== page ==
Mickey Gilley, Country Inspiration Of Urban Cowboy Movement, Dies At 86
His contemporary country star T.G. Sheppard wrote that he ‘truly altered the course of country music.’
Mickey Gilley, the prolific country hitmaker and actor closely associated with the rise of the urban cowboy movement, died yesterday (7) in Branson, Missouri. He was 86 and had recently returned from his latest tour dates, a ten-show run in April, before his health failed in the last week. He passed away peacefully with family and close friends by his side. Last night’s show at Nashville’s Grand Ole Opry included recognition of the news.
Gilley’s contemporary country star T.G. Sheppard wrote on social media: “He truly altered the course of country music. I was fortunate to have gotten to see one of his last concerts 3 weeks ago. Prayers for Cindy, family and his fans.”
Gilley was born in Natchez, Mississippi on March 9, 1936 and was raised in Ferriday, Louisiana. His cousins were rock’n’roll original Jerry Lee Lewis and future evangelist Jimmy Swaggart, and he grew up alongside them playing boogie-woogie piano, working in construction but also playing in the nightclubs of Louisiana.
His first country chart appearance, on the Paula label, was with the modest success “Now I Can Live Again” in 1968. It would be the first of 46 entries, but his popularity on record came in the wake of his 1971 opening, with co-owner Sherwood Cryer, of the nightclub Gilleys in Pasadena, Texas. It led to a chain of the venues.
‘A huge impact on my career’
With its famous mechanical bull, the club inspired the 1980 film Urban Cowboy, starring John Travolta and Debra Winger, after Aaron Latham wrote an article in Esquire about the relationship between two Gilleys regulars. “It’s impossible to tell you how grateful I am for my involvement with Urban Cowboy,” Gilley said in 1982. “That film had a huge impact on my career, and still does.”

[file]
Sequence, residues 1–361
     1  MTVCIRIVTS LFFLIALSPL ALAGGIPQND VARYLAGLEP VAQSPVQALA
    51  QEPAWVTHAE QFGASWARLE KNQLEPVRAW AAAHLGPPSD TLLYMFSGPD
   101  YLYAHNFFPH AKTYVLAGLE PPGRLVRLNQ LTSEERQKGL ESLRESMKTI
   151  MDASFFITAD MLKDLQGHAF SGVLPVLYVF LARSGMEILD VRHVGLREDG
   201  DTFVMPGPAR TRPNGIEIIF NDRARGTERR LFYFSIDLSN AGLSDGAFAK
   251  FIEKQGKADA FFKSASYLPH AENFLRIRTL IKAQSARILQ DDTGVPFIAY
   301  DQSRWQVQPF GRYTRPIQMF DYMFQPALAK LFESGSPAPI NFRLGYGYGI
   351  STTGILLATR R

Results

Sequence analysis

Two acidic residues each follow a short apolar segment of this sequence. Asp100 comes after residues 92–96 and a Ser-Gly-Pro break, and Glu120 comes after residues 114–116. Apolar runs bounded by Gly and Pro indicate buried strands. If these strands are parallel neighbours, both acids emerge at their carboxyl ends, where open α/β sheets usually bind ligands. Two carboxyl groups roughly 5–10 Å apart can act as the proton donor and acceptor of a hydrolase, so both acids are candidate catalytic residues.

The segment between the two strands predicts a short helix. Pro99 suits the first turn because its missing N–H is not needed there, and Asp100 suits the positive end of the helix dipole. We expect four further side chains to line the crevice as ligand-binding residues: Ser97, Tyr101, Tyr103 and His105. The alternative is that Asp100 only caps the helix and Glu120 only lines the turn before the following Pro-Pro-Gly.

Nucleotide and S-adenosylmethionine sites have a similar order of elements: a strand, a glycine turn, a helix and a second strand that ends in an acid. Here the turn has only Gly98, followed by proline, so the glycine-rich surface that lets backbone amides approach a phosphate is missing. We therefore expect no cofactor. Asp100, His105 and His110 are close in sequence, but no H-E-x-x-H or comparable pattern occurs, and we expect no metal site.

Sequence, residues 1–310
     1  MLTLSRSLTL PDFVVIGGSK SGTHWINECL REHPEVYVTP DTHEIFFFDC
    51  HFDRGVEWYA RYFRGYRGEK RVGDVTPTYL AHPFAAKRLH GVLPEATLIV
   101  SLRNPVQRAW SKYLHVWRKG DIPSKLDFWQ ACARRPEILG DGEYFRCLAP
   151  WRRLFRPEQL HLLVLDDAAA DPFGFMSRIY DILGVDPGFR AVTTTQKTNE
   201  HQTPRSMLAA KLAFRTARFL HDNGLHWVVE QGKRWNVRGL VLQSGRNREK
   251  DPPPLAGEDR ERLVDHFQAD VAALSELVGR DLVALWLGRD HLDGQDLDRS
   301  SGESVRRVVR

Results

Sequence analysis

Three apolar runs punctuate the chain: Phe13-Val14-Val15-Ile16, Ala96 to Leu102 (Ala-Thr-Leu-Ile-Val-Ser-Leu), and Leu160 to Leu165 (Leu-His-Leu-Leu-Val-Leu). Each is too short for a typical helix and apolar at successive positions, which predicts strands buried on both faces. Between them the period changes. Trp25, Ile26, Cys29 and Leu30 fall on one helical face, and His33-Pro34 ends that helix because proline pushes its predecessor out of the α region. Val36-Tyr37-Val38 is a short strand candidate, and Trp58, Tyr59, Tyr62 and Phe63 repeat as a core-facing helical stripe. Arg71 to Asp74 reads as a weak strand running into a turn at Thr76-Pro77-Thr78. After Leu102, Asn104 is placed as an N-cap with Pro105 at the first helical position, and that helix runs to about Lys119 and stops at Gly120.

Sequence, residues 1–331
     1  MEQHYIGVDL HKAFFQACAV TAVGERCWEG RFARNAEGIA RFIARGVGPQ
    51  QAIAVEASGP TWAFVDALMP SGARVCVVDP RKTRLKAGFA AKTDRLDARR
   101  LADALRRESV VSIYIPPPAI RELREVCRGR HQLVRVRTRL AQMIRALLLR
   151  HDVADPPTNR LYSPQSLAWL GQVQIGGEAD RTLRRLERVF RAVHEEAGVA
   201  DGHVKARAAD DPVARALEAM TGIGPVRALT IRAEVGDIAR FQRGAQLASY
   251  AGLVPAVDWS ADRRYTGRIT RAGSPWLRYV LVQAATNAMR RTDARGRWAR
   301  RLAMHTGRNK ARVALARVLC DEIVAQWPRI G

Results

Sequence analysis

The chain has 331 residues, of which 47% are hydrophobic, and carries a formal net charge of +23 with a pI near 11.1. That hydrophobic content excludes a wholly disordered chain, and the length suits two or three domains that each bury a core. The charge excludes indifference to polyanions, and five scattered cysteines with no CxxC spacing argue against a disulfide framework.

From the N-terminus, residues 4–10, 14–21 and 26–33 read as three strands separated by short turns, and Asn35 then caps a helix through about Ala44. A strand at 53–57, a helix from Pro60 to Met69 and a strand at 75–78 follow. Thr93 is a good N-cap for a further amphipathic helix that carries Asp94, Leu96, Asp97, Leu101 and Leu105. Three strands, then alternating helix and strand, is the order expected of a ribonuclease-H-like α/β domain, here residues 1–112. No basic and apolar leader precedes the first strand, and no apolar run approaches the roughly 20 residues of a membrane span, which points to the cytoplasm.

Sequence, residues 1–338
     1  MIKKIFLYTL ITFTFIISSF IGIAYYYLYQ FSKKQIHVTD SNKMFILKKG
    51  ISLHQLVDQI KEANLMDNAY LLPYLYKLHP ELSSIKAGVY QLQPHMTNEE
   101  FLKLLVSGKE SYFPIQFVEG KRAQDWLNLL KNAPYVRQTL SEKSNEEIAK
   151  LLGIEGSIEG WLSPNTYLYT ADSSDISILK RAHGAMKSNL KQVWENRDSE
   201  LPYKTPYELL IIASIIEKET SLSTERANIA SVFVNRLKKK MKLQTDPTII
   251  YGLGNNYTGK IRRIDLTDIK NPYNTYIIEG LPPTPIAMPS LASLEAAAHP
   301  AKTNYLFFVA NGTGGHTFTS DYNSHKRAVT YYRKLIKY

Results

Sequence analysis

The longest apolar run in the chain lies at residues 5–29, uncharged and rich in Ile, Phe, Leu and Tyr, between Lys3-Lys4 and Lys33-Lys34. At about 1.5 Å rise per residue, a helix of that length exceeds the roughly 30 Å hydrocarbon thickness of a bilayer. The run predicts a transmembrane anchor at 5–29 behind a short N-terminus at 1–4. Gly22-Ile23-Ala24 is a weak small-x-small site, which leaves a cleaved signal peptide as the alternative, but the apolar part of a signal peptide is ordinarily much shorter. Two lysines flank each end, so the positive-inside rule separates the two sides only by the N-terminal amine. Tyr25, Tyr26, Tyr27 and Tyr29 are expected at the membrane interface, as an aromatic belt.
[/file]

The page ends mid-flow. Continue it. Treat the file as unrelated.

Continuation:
The singer hit No.1 on the country bestsellers for the first time, on the Playboy label, in 1974 with “Room Full Of Roses,” a remake of Sammy Kaye’s 1949 pop hit. He went on to achieve a remarkable 17 chart-toppers, including three more in a row with “I Overlooked An Orchid,” “City Lights,” and “Window Up Above.”
From 1980, when Urban Cowboy took his profile to new levels, he scored six No.1s in a row and ten out of 11 releases, with covers of Buddy Holly’s “True Love Ways,” Ben E. King’s “Stand By Me,” Ray Charles’ “You Don’t Know Me,” Little Willie John’s “Talk To Me,” and such originals as “That’s All That Matters” and “Fool For Your Love.” The Urban Cowboy soundtrack reached No.3 on the Billboard album chart and contained six Top 40 hits.
Gilley went on to star in hit TV shows including Murder She Wrote, The Fall Guy, Fantasy Island, and The Dukes of Hazzard. He won six Academy of Country Music Awards, a star on the Hollywood Walk of Fame, and was inducted into the Texas Country Music Hall of Fame in 2011. His last Top 10 hit was with “Doo-Wah Days” in 1986 but he maintained a strong presence on the road, including at the Mickey Gilley Grand Shanghai Theatre in Branson, which he helped to run.